Kathleen M. Pike, PhD

A Life’s Work

Two kids grow up in the same home or same neighborhood. How is it that only one develops major depression? One kid grows up exposed to violence the other not. Who is more prone to anxiety? Poverty? Loss? Education? What do such circumstances and experiences mean for risk of mental illness? These are the kinds of questions that longitudinal studies attempt to answer.  And that was Dr. Patricia Cohen’s life work.

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This summer the mental health community lost a researcher who was among the great pioneers in psychiatric epidemiology. A longtime member of the Columbia University faculty, Dr. Patricia Cohen was remembered in a NY Times obituary, as a scientist whose compassion and curiosity left an enduring legacy. Cohen’s life work has come to be known as the Children in the Community Study and has contributed in important ways to what we know about growing up and risk for mental disorders.

Today’s Five on Friday is a salute to five seminal longitudinal studies in developmental psychopathology. Observing carefully. Listening attentively. Recording thoughtfully. Each of these studies has increased our understanding of how and why some of us develop mental disorders and other not.

1. The Children in the Community StudyTimes have changed, and spanking is scorned as a means of parenting among “enlightened” communities today. While this may be part of a larger movement towards more liberal parenting styles, it was also likely informed by the Children in the Community Study that documented the relationship between parenting styles and child outcomes. Following a group of more than 800 children in upstate New York for more than 20 years, Dr. Cohen’s work showed that parenting behaviors like harsh, physical discipline were often associated with mood problems among kids later in life. Cohen’s work also described how important personality disorders in adolescence were to predicting mental illness in adulthood.

2. The Great Smoky Mountains Study. Researchers at Duke University began a longitudinal study in 1992 with over a thousand children aged 9-16 and their parents in western North Carolina, both in rural and urban areas. And then something totally unexpected happened. One-quarter of the families in the study were members of the Eastern Band of the Cherokee Nation, and a casino was built on their land. Every tribal citizen earned a share of the profits – enough to dramatically change their financial circumstances. Among the notable findings were a that improved financial circumstances were associated with a decline in behavioral and emotional problems among kids. But, of course, the story of risk for mental illness is more complicated than that. Other significant findings were that psychiatric disorders tend to start early and gender matters. For example, whereas girls and boys have similar rates of depression in childhood, by about the age of 13, girls are more likely than boys to be diagnosed with depression, and the difference endures into adulthood.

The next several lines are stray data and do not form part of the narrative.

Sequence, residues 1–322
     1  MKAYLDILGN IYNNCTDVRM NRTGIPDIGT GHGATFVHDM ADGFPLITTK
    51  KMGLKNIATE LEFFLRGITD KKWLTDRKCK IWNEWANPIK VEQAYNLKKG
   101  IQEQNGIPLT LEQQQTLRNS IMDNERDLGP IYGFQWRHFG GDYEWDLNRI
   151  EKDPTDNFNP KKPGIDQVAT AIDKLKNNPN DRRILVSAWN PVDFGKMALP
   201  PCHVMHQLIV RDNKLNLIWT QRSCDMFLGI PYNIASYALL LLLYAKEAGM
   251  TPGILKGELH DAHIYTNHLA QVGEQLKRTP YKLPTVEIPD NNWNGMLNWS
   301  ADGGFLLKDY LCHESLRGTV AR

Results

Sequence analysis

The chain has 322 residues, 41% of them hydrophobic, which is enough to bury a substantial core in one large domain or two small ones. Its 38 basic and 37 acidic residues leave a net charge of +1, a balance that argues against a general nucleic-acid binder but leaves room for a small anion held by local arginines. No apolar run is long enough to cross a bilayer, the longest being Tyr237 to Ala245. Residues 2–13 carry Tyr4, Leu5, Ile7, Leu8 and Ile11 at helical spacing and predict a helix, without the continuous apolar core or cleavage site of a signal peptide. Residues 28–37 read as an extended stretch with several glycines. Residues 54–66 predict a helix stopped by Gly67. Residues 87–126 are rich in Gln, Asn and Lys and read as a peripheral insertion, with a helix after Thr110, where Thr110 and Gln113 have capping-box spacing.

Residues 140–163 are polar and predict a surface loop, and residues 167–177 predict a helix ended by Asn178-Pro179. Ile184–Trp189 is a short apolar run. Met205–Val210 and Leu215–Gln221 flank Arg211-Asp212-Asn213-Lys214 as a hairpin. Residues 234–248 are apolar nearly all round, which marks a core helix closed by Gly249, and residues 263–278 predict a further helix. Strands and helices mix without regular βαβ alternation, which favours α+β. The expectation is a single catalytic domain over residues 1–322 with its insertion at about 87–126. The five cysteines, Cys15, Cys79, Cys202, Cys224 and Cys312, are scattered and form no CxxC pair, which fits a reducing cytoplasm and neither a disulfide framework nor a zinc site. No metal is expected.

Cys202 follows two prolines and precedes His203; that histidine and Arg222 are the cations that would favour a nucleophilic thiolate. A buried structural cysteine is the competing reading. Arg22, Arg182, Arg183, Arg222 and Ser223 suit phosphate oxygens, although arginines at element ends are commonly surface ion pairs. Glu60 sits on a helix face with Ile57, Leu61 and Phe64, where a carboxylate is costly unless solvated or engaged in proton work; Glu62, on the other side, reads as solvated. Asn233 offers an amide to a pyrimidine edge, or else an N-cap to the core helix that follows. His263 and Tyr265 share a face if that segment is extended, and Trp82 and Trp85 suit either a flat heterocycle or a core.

3. Three Generational Study of Major Depression. Dr. Myrna Weissman, a senior faculty member and mentor in the Department of Psychiatry at Columbia University, has been studying depression for decades. Beginning in 1975, Dr. Weissman and colleagues launched a study to examine how parental depression affects children – and even their children’s children. Following a cohort of 220 children over 40 years, Weissman and colleagues are among the first to show that children of depressed parents are more likely to have serious and impairing depression and are less likely to seek treatment. Their data also indicate that children with both a parent and a grandparent with major depression are at highest risk for major depression.

4. Avon Longitudinal Study of Parents and Children. Launched in 1990 in Great Britain, the Avon Longitudinal Study of Parents and Children (ALSPAC), made its mark by starting with pregnant mothers rather than at birth or later. ALSPAC was one of the first studies to show that mothers were at risk for depression and anxiety during pregnancy and that prenatal depression and anxiety had an impact on child outcomes like hyperactive behavior and disturbed sleep in childhood. The study also found that children whose fathers had depression were more likely to have behavior problems at ages 3 and 7, regardless of whether their mothers had depression.

5. Dunedin – big findings from down underInspired by Britain’s birth cohort studies, researchers in New Zealand created the Dunedin cohort study in the early 1970s. Among its numerous contributions to the field, the Dunedin cohort study documented that children as young as age 11 experience delusions and hallucinations and, while such symptoms are rare, those who report them have strongly elevated risk for diagnosis with a psychotic illness when they reach adulthood.

Who? When? Why? Why some and not others? These are the questions we ask as we try to understand the infinitely complex human experience. The longitudinal studies conducted by Dr. Pat Cohen and others require extraordinary patience, care and scientific sophistication. Each offers some answers to these questions and contributes to a greater developmental understanding of mental health. Ultimately, their work helps us develop strategies to prevent and treat mental illness. A life’s work.

Picture of Kathleen M. Pike, PhD

Kathleen M. Pike, PhD

Kathleen M. Pike, PhD is Professor of Psychology and Director of the Global Mental Health WHO Collaborating Centre at Columbia University.

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